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# Remove arbitrary constants from the function $x = c_1 \cos wt + c_2 \sin wt$, where $c_1, c_2$ are arbitrary constants.

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Please help me. I've been trying to do and I can't resolve, because I'm confusing I don't know if  derive dt/dw or dw/dt. I know that I have to derive implicitly.

Thanks.

Note: Clay6 has edited the question for clarity.

Answer: $\large\frac{d^2x}{dt^2}$$+ w^2x = 0 Since the given function has two arbitrary constants, a second order differential equation has to be derived. Given x = c_1 \cos \;wt + c_2 \sin\;wt where c_1, c_2 are arbitrary constants that need to be eliminated. Here w is a parameter that cannot be eliminated. Differentiating, we get: \large\frac{dx}{dt}$$ = -w c_1\sin \; wt + wc_2 cos\;wt$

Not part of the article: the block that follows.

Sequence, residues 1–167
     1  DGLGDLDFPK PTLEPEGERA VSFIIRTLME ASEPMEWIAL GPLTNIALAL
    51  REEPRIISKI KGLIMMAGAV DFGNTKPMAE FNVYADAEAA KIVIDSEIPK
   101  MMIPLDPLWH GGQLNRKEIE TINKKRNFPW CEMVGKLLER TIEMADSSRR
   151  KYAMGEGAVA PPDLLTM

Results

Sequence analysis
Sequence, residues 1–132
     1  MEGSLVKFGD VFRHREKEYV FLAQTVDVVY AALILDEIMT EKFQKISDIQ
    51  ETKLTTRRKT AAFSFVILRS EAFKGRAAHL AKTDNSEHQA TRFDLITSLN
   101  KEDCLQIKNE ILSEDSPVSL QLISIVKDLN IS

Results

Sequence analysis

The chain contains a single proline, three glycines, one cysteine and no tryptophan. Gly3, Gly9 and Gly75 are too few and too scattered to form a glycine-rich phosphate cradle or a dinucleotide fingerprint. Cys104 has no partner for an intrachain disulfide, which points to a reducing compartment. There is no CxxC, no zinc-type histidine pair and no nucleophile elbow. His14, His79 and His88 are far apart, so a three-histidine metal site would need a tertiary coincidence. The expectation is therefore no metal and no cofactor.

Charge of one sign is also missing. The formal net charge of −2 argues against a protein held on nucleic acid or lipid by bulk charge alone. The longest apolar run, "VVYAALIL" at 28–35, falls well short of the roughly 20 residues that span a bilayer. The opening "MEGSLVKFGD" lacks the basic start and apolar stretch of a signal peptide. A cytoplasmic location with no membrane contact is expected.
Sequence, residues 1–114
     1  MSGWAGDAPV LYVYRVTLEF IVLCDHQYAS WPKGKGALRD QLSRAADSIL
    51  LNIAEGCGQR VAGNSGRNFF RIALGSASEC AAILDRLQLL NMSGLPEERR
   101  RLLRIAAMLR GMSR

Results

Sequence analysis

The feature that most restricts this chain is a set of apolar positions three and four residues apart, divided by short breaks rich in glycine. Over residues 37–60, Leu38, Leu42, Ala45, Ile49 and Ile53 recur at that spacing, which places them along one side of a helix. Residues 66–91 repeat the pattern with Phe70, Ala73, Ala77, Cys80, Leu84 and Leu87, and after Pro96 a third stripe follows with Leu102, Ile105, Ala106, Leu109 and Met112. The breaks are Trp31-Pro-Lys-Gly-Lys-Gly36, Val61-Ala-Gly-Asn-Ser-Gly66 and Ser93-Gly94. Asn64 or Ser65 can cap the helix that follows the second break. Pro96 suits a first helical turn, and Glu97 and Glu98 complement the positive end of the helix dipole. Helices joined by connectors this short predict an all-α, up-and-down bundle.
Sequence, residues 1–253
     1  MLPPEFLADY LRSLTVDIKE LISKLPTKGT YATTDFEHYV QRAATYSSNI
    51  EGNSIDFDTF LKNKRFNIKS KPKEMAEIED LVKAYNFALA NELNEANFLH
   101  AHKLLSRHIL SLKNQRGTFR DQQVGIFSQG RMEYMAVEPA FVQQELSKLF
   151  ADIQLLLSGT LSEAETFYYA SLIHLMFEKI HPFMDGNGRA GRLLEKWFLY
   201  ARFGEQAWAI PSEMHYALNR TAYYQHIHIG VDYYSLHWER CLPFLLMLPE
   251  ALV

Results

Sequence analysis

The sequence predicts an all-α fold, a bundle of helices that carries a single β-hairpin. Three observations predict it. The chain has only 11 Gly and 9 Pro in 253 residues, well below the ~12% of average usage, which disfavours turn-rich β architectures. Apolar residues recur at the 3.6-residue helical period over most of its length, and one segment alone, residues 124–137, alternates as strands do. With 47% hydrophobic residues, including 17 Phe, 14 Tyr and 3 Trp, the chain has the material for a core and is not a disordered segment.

Differentiating again, we get: $\large\frac{d^2x}{dt^2}$$= -w^2c_1\cos \; wt - w^2 c_2 \sin wt = -w^2 (c_1\cos\;wt + c_2 \sin \;wt) Now, from the original equation, we can see that x = c_1 \cos \;wt + c_2 \sin\;wt where c_1, c_2. Therefore substituting, \Rightarrow \large\frac{d^2x}{dt^2}$$ = -w^2x \rightarrow \large\frac{d^2x}{dt^2}$$+ w^2x = 0$